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Norton Sound Health Corporation community and behavior health aides build resilience with help from ANTHC Healthy Healers curriculum

May 20, 2016

This article appears courtesy of Norton Sound Health Corporation and Lance Johnson, NSHC Behavior Health Services Director.

NSHC Behavioral Health and Village Heath Services have partnered with the Alaska Native Tribal Health Consortium (ANTHC) to provide a resiliency program for Community and Behavioral Health Aides. ANTHC developed this special e-learning curriculum for rural, front-line health providers across the state, titled Healthy Healers. The idea is simple: health and community workers will be more likely to continue serving Alaska Native communities if they are healthy and resilient themselves.

Healthy Healers is an eight-week online course with each section introduced by an Alaska Native Elder. The course is designed so participants share with a learning partner and receive support from their immediate supervisors. On May 5 and 6, 14 Community and Behavioral Health Aides participated in this pilot through a face-to-face session. We hope that participation in this program will lead to longer employment histories through improved coping skills and support development, and as this is a pilot, the feedback from each participant’s experience will inform the future direction and use of this training.

As we know, recruitment for and retention of these positions are challenges. Often we invest in training and skill development only to see the person move on after too few years. One of the main reasons providers give for leaving is “burn-out.” Providers who stay for many years are those who have full and meaningful lives outside the workplace, have good boundaries between work and home, eat well, have good social supports, and participate in positive community activities. They are resilient because they are healthy in the holistic sense of health.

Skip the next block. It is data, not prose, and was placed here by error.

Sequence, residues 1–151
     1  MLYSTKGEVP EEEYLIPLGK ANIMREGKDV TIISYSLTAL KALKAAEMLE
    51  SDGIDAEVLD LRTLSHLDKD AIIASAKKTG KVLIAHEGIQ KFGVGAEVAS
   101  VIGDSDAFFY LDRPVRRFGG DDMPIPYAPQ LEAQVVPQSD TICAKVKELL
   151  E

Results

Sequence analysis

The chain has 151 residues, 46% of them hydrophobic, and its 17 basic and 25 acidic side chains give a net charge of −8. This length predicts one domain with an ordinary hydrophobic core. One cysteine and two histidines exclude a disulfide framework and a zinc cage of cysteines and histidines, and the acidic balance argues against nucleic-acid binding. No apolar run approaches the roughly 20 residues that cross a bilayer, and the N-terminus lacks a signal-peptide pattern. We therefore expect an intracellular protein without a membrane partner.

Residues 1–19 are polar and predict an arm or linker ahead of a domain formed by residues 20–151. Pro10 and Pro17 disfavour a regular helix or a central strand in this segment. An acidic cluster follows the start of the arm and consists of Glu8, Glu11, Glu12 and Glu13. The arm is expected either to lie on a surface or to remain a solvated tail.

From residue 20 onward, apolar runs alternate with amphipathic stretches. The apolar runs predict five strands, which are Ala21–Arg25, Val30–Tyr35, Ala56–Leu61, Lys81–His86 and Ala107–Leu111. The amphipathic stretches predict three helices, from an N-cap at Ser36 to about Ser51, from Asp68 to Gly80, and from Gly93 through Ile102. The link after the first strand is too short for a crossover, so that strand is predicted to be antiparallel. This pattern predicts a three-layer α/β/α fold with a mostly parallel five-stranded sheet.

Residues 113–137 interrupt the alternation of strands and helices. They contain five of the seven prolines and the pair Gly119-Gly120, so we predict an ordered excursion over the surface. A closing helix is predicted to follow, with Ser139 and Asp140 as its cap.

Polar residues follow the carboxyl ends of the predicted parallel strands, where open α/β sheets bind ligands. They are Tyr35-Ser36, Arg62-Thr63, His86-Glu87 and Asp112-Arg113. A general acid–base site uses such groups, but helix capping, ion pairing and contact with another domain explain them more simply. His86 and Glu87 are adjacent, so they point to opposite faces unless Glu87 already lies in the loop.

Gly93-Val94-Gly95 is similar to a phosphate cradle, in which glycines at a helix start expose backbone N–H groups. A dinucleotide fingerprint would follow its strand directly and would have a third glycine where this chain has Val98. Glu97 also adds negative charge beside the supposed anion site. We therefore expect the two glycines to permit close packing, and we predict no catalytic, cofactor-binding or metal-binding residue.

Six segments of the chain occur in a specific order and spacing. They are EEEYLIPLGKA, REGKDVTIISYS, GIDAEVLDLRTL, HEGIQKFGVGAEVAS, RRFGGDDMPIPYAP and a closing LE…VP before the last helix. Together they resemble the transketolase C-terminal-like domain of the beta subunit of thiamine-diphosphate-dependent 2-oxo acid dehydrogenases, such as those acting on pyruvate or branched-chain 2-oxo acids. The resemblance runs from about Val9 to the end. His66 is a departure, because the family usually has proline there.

We also know Alaska Native people and communities suffer from the effects of Adverse Childhood Experiences (ACEs) and Post Traumatic Stress Disorders (PTSD). Risk behaviors associated with ACEs and PTSD include suicide, domestic violence, poor school performance, and involvement with law enforcement. Yet not everyone who has experienced trauma in their lives suffers from PTSD or burn-out. Many people “bounce back” from these experiences. They are resilient. Resiliency can be taught.

Health and community workers need to be educated about ACEs/ PTSD, the effects, and how to avoid becoming traumatized (“burnt-out”) themselves. Many community workers have also been deeply affected by PTSD and ACE’s in their own and their family’s lives. To be effective providers, they must first be healthy themselves.

For more information on this program, please contact Tina Woods, ANTHC Director of Wellness and Prevention at (907) 729-3646 or

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